Mercedes-Benz B-Class: This time, B stands for 'better', a lot better
The revamped Mercedes-Benz B-Class is a huge improvement on the old model and, writes Campbell Spray, it could be a car for a long life with your family
'This is very smooth" and "it's really roomy" and "there's something about it"... these are the sort of comments I like to hear from my partner on our Sunday afternoon drive, as the dog snoozes on the back seat dreaming of his long mountain walk - and some ham afterwards.
Actually, I would rather have some negative comments to fit my curmudgeonly image so I don't sound like a patsy. Luckily for balance, the cribs did come later and it was easy to add some of my own.
But to be truthful - after some less than happy experiences with Mercedes-Benz because its cars are getting lower, sleeker and more young-appealing - I found that the new B-Class was back with the attributes I liked. Easy to get into and load and, while its looks wouldn't grace a cover of Vogue, it was a really versatile small MPV/five-door hatchback that was very pleasant to live with.
It might be a tad expensive but the well-equipped model I was driving was only a bit more than the level at which some Volkswagen Golf models are pitched but was far more practical as well as being a real premium car. On that point, the car that could really put it up to the Golf, and crossovers like the Nissan Qashqai, is the new Honda HR-V, which Geraldine looks at on the right. Honda has a real winner there.
But back to the Merc, this B-Class is a massive improvement on the old model and takes some of the attributes of the old A-Class and mixes them with the driving abilities of the new one to make for a very comfortable model. It has plenty of room for the family even if sitting in the middle of the back seat shouldn't be encouraged for long periods. Surprisingly aerodynamic, it is a pleasant if not exciting car to drive. The 0-100km of almost 12 seconds and top speed of 190kmh of the 180CDI Urban Automatic I was testing emphasises this. Yet consumption is good and this diesel falls into the €190 road tax bracket. There are four diesel and four petrol options while Natural Gas Drive and electric power are offered elsewhere. The latter will arrive here eventually at a premium.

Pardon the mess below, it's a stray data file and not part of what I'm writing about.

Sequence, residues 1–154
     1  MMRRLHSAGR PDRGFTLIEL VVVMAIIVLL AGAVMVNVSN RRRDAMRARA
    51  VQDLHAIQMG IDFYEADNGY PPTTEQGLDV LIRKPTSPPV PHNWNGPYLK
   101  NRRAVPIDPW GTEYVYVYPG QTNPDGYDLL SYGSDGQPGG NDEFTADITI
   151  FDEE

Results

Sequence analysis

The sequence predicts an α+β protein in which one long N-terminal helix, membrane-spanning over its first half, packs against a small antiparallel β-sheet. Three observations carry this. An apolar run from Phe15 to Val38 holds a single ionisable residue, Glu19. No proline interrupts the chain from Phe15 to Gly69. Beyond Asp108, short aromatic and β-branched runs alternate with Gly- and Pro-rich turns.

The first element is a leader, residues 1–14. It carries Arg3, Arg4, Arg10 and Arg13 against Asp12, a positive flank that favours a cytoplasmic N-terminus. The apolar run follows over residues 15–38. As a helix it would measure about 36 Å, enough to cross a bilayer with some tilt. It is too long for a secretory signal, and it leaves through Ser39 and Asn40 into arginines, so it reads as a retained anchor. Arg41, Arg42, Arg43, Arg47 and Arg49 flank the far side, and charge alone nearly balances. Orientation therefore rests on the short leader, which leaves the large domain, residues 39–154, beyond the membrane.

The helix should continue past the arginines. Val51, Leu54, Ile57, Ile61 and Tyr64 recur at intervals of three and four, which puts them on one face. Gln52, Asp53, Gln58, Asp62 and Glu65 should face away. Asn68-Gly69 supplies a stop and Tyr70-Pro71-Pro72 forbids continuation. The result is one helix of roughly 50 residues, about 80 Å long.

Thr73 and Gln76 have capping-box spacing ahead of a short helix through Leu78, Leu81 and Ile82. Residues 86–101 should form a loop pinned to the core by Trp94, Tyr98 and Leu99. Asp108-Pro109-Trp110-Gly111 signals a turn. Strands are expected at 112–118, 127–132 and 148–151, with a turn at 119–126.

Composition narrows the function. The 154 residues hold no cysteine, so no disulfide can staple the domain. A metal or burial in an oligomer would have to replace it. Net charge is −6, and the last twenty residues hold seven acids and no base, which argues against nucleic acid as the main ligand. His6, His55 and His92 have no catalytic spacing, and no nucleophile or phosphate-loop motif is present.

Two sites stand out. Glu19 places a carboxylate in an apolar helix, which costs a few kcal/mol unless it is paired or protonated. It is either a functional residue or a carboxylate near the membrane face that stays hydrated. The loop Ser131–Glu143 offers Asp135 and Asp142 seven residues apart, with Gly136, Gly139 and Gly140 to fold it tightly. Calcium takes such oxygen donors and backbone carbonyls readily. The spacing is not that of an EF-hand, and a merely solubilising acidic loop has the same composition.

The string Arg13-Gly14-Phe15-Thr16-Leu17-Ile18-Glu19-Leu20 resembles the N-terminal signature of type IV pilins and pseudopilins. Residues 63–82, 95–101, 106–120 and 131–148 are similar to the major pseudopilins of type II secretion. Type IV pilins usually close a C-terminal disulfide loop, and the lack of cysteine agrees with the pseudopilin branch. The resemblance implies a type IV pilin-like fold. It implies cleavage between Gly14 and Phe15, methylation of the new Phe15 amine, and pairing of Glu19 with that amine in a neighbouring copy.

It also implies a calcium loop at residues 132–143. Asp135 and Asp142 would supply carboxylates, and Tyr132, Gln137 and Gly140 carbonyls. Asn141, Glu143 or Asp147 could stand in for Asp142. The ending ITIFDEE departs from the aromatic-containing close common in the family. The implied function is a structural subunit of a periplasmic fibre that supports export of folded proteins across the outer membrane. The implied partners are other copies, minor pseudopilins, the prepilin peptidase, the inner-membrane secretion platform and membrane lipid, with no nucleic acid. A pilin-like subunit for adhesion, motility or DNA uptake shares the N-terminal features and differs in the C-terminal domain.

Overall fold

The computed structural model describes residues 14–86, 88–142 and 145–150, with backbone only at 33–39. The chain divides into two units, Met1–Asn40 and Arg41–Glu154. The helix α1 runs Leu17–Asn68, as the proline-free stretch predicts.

Both the diesel and the automatic box had their issues; the first was quite noisy while the second had an annoying lag which meant that starts at traffic lights were neither confident nor smooth.
My partner's delight at the performance of the B-Class on the motorway soon changed when it became far too firm and jarring while we were crossing the Wicklow mountains to Clara, about 6km south of Laragh, for our afternoon walk. The village is perhaps the smallest in Ireland with just a wonderful old bridge across the Annamoe River, a church and a couple of houses. There are some lovely trails signposted up the hill a little beyond the river.
The B-Class is packed with safety equipment now trickling down from the S-Class and other top models. Despite the problems with the ride at times, there is great grip, making it feel very secure. Overall specification is pretty good but doesn't have the refined look of some of its more expensive brothers and sisters. Yet it was still definitely Mercedes. There are a number of style options and if you go mad on the extras you could be facing a massive payout.
I liked the roominess of the B-Class and the large opening rear, which was very useful. It is only three years since the B-Class was launched here and this mid-life facelift and very serious tweaking has done wonders for it. The next model will be even better and is the sort of car that a family could grow up with and then down the other side. The model I was driving, complete with Artico Leather and the much-needed reversing camera (as the rear visibility is a bit restricted), was €36,743, although the range starts at around €31k.
Colleagues say that the BMW 2-Series Active-Tourer is more fun, but may not have the longevity.